Among gastric Th clones, a number proliferated to H. pylori, but not to the H. pylori proteins CagA, VacA, hsp, urease nor to H+,K+-ATPase. Some other Th clones proliferated to H+,K+-ATPase and not to H. pylori (autoreactive), and a third group of clones was found that proliferated to both H. pylori and H+,K+-ATPase (cross-reactive) [45]. All the Th clones able to proliferate to H+,K+-ATPase were studied for their ability to respond to the 261 overlapping 15-mer peptides covering the amino acid sequence of α and β chain of the human H+,K+-ATPase. In the series of cross-reactive Th clones 11 recognized their epitope in the α chain and two clones in the β chain. In the subgroup of autoreactive Th clones 6 recognized their epitope in the α chain and 9 in the β chain of the proton pump. Therefore, some “shared” H+,K+-ATPase epitopes, mainly in the α chain, are cross-reactive with epitopes of H. pylori antigens, whereas others can be considered as “private” epitopes of H+,K+-ATPase. A cross-reactive H. pylori peptide could be found for each of the 10 H+,K+-ATPase/H. pylori cross-reactive gastric Th clones [45]. Overall, that study led to the identification of nine different H. pylori proteins (such as lipopolysaccharide biosynthesis protein, histidine kinase, porphobilinogen deaminase, dimethyl-adenosine transferase, glucose-inhibited division protein A, VirB4 homolog, phosphoglucosamine mutase, acetate kinase, penicillin-binding protein-2) each harbouring a T-cell peptide suitable for cross-reaction with T-cell epitopes of gastric H+,K+-ATPase α chain [45]. Interestingly, none of the bacterial epitopes recognized by cross-reactive Th clones belong to the known H. pylori immunodominant antigens, such as CagA, VacA and urease, which are major targets of gastric T-cell responses in H. pylori infected patients with peptic ulcer [12]. Two possibilities can be considered: these peptides are implicated in cross-reactivity because of their structural properties or alternatively a physiological relevance implicating these particular nine proteins can be postulated. All the cross-reactive and autoreactive H+,K+-ATPase-specific Th clones after activation were able to induce cell death via either Fas–Fas ligand-mediated apoptosis or perforin-mediated cytotoxicity against target cells [45]. This ability to induce apoptosis in T cells might give a selective advantage that can promote survival and persistence of bacteria, allowing H. pylori to escape the host immune response. On the other hand, the relevance of cross-reactive and autoreactive cytolytic Th effector cells in the genesis of AIG is consistent with data in the mouse model that Fas-related death is required for the development of full-blown destructive autoimmune gastritis [46]. Based on these results, it is tempting to speculate that in the “gastric autoimmune inflammatory scenario” in which cross-reactive and autoreactive Th clones are activated, parietal cells might become target of the pro-apoptotic and cytotoxic activity of cross-reactive and autoreactive gastric Th cells. The end point of this process would be gastric corpus atrophy and hypochlorydria.

5Lack of H. pylori-specific Th cells in the atherosclerotic plaques of H. pylori-infected patients

A pathogenetic role in atherosclerosis has been suggested for chronic bacterial infections, such as H. pylori or Chlamydia pneumoniae, leaving still open the question of how the infectious agents might contribute to the formation of plaques [47]. The role of cell-mediated immunity and the functional status of pathogen-specific effector T cells within atherosclerotic lesions remain poorly characterized. We assessed the functional profile of in vivo activated T lymphocytes that infiltrate atherosclerotic plaques to understand whether and how their effector functions may influence the natural history of atherosclerosis [48]. Among patients undergoing carotid endarterectomy, we selected 10 H. pylori-infected individuals, five of whom were also seropositive for anti-C. pneumoniae antibodies (Cp-pos), and five were seronegative (Cp-neg). Fragments of carotid plaques of all patients were cultured in IL-2-conditioned medium to allow the preferential expansion of in vivo activated T cells resident in the plaques. Single T-cell blasts were then cloned and studied. In all patients, the majority of plaque-derived Th clones produced IFN-γ and TNF-α, but not IL4, and were able to provide help for tissue factor production by autologous monocytes. We studied the proliferative response to H. pylori and C. pneumoniae antigens of all the 421 plaque-derived Th clones. We could not find any T-cell reactivity against H. pylori antigens in spite all patients harbored that pathogen and H. pylori-specific T cells in their stomach [48]. In contrast, 22% of the 206 CD4+ T-cell clones generated from the five Cp-pos patients were specific for C. pneumoniae antigens. No C. pneumoniae-specific Th cell was found in the plaques neither from the five Cp-neg patients nor in the stomach of Cp-pos patients. Therefore, in H. pylori-infected patients H. pylori-specific T cells infiltrate the gastric antrum but not the atherosclerotic plaques whereas C. pneumoniae-specific T-cells selectively colonized the atherosclerotic plaques, but not other site of inflammation, such as gastric antrum [48]. The results obtained so far suggest that atherosclerosis can result from an inappropriate Th1-driven immunopathological response, part of which due to C. pneumoniae, but not to H. pylori antigens.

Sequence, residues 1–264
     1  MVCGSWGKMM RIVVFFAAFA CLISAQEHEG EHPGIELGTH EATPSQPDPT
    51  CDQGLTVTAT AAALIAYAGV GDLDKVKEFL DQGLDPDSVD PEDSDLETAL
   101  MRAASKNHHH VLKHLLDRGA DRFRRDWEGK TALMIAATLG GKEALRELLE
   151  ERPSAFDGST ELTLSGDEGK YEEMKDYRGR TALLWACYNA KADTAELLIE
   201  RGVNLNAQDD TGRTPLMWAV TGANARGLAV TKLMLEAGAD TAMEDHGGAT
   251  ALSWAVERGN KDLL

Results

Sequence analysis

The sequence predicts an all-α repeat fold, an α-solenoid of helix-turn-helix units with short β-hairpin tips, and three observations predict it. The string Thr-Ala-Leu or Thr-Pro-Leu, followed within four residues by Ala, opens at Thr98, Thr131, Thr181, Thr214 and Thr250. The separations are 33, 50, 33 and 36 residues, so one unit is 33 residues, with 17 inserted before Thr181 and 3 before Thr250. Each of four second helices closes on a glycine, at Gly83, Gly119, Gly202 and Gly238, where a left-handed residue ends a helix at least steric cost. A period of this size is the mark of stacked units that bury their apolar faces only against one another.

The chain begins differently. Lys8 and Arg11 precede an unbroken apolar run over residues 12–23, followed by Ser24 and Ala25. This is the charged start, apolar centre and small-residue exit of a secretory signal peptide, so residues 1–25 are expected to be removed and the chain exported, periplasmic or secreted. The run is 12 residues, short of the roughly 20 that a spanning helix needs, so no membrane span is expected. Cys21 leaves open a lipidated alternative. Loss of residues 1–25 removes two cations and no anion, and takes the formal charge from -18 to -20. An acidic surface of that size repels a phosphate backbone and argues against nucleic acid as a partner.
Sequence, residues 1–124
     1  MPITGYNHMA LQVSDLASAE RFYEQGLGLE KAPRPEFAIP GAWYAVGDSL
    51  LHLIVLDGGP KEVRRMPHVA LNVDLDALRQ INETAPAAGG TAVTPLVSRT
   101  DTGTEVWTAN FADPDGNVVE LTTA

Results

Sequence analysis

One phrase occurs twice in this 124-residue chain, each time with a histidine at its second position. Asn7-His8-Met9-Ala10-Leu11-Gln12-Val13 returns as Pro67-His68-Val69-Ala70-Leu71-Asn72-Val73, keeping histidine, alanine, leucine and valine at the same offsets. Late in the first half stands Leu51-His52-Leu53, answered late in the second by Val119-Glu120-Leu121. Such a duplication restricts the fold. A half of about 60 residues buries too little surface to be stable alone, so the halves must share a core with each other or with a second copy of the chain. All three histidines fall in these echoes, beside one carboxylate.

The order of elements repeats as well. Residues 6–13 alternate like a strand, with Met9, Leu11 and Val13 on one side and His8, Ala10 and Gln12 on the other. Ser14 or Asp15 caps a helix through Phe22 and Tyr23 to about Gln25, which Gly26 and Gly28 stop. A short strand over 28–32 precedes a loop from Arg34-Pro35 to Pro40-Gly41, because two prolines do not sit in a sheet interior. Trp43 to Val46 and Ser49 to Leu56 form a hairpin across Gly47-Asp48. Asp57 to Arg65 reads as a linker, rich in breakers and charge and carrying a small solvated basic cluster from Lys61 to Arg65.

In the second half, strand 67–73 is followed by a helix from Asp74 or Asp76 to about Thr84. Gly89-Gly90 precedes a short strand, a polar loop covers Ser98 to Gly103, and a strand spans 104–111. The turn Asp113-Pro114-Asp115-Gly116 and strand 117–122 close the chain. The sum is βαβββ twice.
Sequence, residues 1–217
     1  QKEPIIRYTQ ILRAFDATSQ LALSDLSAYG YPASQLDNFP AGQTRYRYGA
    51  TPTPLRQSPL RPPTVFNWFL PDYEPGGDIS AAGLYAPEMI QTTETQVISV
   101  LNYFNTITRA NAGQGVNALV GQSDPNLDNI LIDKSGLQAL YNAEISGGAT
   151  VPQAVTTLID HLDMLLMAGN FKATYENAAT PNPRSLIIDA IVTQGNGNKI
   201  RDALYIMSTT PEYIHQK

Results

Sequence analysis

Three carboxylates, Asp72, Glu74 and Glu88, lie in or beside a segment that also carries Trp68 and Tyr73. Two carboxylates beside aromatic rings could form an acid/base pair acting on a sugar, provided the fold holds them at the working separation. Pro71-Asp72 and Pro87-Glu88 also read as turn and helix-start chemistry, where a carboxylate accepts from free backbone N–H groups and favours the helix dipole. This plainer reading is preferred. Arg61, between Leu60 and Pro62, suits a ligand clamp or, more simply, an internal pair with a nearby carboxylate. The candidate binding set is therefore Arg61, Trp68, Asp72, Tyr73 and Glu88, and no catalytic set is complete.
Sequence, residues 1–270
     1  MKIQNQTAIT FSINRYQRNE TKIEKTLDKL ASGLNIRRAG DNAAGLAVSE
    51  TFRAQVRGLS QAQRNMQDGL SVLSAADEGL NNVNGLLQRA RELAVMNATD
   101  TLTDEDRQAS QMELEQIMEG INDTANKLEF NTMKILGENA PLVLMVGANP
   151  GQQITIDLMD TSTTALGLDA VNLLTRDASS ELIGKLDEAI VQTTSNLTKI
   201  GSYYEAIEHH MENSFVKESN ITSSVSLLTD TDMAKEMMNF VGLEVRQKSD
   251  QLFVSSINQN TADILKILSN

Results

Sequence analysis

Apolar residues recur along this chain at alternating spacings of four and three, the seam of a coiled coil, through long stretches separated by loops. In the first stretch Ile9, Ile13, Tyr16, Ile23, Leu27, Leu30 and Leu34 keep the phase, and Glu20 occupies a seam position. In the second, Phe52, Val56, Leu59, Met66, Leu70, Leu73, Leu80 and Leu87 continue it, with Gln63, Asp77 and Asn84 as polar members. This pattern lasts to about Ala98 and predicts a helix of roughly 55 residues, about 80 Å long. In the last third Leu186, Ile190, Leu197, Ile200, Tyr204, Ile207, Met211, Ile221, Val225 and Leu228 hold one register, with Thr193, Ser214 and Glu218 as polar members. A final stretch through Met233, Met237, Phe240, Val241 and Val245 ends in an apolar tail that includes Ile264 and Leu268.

Helicobacter pylori is able to induce antigen-specific T-cell responses at the gastric site of infection. The effector functions of gastric H. pylori-specific T cells are different between patients with peptic ulcer and those with non-ulcer chronic gastritis, MALT lymphoma or autoimmune gastritis (Fig. 1). In some patients, due to genetic and environmental factors not yet fully elucidated, the fine tuning of protective immunity by Th2 and other regulatory T cells may be inadequate, and H. pylori drive a long lasting polarized Th1 response which contributes to worsening of the disease, and eventually leads to peptic ulcer. In a small number of infected patients, the host response to H. pylori allows the development of specific T cells which express an imbalanced induction of B-cell growth and drive exhaustive B-cell proliferation, making easier the chance of neoplastic transformation, and the onset of low-grade gastric MALT lymphoma. In genetically susceptible individuals, H. pylori infection would trigger the activation at gastric level of cross-reactive cytotoxic, and pro-apoptotic T cells leading to the gastric autoimmunity via molecular mimicry.

Figure 1.

T-cell mediated immunopathology in peptic ulcer, gastric MALT B-cell lymphoma and autoimmune gastritis. T cells are essential for defence against infection, but inappropriate Th responses can be even harmful for the host. Long-lasting secretion of IFN-γ, TNF-α, IL-12 and other Th1 cytokines may lead to peptic ulcer by inducing functional alterations of gastric cells, and consequent gastric hyperacidity. In a minority of infected patients, gastric H. pylori-specific Th cells show deficient cytotoxic control (both perforin and Fas–Fas-ligand mediated) of B-cell growth. Such a defect, the production of cytokines with B-cell growth factor activity and the chronic delivery of costimulatory signals by Th cells, together with chronic exposure to H. pylori antigens would result in overgrowth of B cells, thus facilitating the neoplastic B-cell transformation and the onset of gastric low-grade MALT B-cell lymphoma. In susceptible individuals H. pylori induces autoimmune gastritis via the expansion of H. pylori-specific T cells that cross-react with H+,K+-ATPase epitopes. The activation of H. pylori-H+,K+-ATPase cross-reactive T cells would result in destruction of gastric mucosa, via Fas-ligand (FasL)-induced apoptosis and perforin-mediated cytotoxycity.


We thank the Ministry of Health, the Ministry of University and Scientific Research (MIUR), Istituto Superiore di Sanità, and the Associazione Italiana per la Ricerca sul Cancro (A.I.R.C.), for their financial support to our studies.